Social issues were low in priority for both Goldwater and the conservative movement in the 1960s, and no one supported him for (or even knew) his stance on social issues. After 1980, with his first wife waning in health and long after Goldwater was a conservative leader, he began to express liberal opinions on some social issues. Bill Buckley said of Goldwater:
- Conspicuous here was his defense of Supreme Court decisions involving abortion, gay rights, and the separation of church and state. Most followers of the senator were surprised, and abashed, especially at his defense of abortion.
After his wife of nearly 50 years died, and when Goldwater was nearly 80 years old, he became more vocal in his liberal social opinions. After his retirement in 1987, Goldwater described the conservative Arizona Governor Evan Mecham as "hardheaded" and called on him to resign, and two years later stated that the Republican party had been taken over by a "bunch of kooks". In a 1994 interview with the Washington Post the retired senator said,
|“||When you say "radical right" today, I think of these moneymaking ventures by fellows like Pat Robertson and others who are trying to take the Republican party and make a religious organization out of it. If that ever happens, kiss politics goodbye.||”|
In response to Moral Majority founder Jerry Falwell's opposition to the nomination of Sandra Day O'Connor to the Supreme Court, of which Falwell had said, "Every good Christian should be concerned", Goldwater retorted: "Every good Christian ought to kick Falwell right in the ass."
Goldwater was long an outspoken critic of presidents of both parties, harshly criticizing Richard Nixon at a pivotal time during Watergate. Goldwater criticized the arms to Iran that became public in 1986 as part of the Iran-Contra Affair as "the god-damned stupidest foreign policy blunder this country's ever made!'",. Otherwise, Goldwater thought that Reagan was a good president.
In 1992, Goldwater remarried a much younger divorcee. He then disagreed further with conservatives on social issues. He criticized the military's ban on homosexuals: "Everyone knows that gays have served honorably in the military since at least the time of Julius Caesar." He also said, "You don't have to be straight to be in the military; you just have to be able to shoot straight." A few years before his death he went so far as to address the Christian right, "Do not associate my name with anything you do. You are extremists, and you've hurt the Republican party much more than the Democrats have."
In 1996, Goldwater told Republican presidential candidate Bob Dole, whose own positions lacked real support from conservatives: "We're the new liberals of the Republican party. Can you imagine that?" In that same year, with Senator Dennis DeConcini, Goldwater endorsed an Arizona initiative to legalize medical marijuana.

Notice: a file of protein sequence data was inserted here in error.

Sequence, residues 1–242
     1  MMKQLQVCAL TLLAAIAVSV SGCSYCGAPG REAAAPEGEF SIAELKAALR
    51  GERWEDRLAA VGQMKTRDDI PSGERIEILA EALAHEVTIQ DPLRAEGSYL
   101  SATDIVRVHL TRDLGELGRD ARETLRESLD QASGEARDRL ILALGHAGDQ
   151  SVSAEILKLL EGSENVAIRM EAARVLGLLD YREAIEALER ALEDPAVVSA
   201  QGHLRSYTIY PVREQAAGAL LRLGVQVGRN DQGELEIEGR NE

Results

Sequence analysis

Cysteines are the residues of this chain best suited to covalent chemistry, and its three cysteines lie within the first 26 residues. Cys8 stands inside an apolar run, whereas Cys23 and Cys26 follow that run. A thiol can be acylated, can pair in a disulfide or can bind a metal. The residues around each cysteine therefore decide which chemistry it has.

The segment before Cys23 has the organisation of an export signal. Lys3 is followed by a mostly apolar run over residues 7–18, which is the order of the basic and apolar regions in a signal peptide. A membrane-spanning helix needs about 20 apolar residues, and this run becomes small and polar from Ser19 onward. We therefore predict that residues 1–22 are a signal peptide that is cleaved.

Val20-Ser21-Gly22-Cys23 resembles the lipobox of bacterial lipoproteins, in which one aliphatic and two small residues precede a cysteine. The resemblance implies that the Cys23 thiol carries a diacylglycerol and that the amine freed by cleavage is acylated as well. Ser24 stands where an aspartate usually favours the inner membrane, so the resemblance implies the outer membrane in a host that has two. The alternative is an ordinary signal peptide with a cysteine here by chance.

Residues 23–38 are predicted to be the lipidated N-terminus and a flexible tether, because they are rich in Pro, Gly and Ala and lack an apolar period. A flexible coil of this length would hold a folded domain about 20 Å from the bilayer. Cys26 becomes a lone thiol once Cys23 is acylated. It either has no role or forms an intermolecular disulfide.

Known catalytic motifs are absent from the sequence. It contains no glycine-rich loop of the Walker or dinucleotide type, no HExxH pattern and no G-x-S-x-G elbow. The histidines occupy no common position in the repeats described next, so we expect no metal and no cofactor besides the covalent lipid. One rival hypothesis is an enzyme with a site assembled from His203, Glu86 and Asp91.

Goldwater was married twice. He was married to Margaret Johnson from 1934 until her death in 1985. They had four children: Joanne, Barry, Michael, and Peggy. In 1992 Goldwater, age 83, married Susan Shaffer Lechers, age 51. They remained married until his death in 1998.
- Mary C. Brennan, Turning Right in the Sixties: The Conservative Capture of the G.O.P. (1995)
- Edwards, Lee. Goldwater (1995). biography
- Goldberg, Robert Alan. Barry Goldwater (1995), the standard scholarly biography
- Hodgson, Godfrey. The World Turned Right Side Up: A History of the Conservative Ascendancy in America (1996).
- Matthews, Jeffrey J. "To Defeat a Maverick: The Goldwater Candidacy Revisited, 1963–1964." Presidential Studies Quarterly. 27#1 1997. pp 662+.
- Perlstein, Rick. Before the Storm: Barry Goldwater and the Unmaking of the American Consensus (2001) Very well researched and written narrative of the 1964 campaign.
- White, Theodore, The Making of the President: 1964 (1965)
- Goldwater, Barry. Conscience of a Conservative (1963) highly influential manifesto ISBN 0-89526-540-0
- Goldwater, Barry. Why Not Victory? A fresh look at American policy (1963)
- Goldwater, Barry. Conscience of a Majority (1971) ISBN 0-671-78096-4
- Goldwater, Barry. Arizona (1977) ISBN 0-938379-04-6
- Goldwater, Barry. With No Apologies: The Outspoken Political Memoirs of America's Conservative Conscience (1979) ISBN 0-425-04663-X
- Goldwater, Barry. Goldwater (1988) ISBN 0-385-23947-5, autobiography
- Gallup, George H. ed. The Gallup Poll: Public Opinion, 1935–1971, vol. 3. (1972)
- Hess, Karl. In A Cause That Will Triumph: The Goldwater Campaign and the Future of Conservatism (1967), memoir by BG's speechwriter
- CNN is a 24 hour video newspaper, by Tony Seideman, The Telegraph, May 16, 1981
- Taylor Branch, Pillar of Fire 356-357
- Barry Goldwater, Where I Stand (New York: McGraw-Hill, 1964)
- Thomas Paine wrote in 1795, "Those words, 'temperate and moderate,' are words either of political cowardice, or of cunning, or seduction. A thing, moderately good is not so good as it ought to be. Moderation in temper, is always a virtue; but moderation in principle, is a species of vice." Paine, "Letter to the addressers on the late proclamation against seditious writings." in The Writings of Thomas Paine, ed. Moncure D. Conway, (1895) vol. 3, pp. 94–95
- What Did Goldwater Mean? from National Review, William F. Buckley, Dec. 10, 2004
- Ed Magnuson, Time Magazine, The Brethren's First Sister, July 20, 1981. Retrieved 1/1/07.
- "Archive of American Television Interview with Robert MacNeil Part 5 of 14" (video)
- YouTube - Charlie Rose - Goldwater tribute/
- "Ban On Gays Is Senseless Attempt To Stall The Inevitable", Los Angeles Times, Washington Post
- The Betrayal of America by Vincent Bugliosi, 2001
- Prescription: Drugs Reason Magazine
- Goldwater biographical info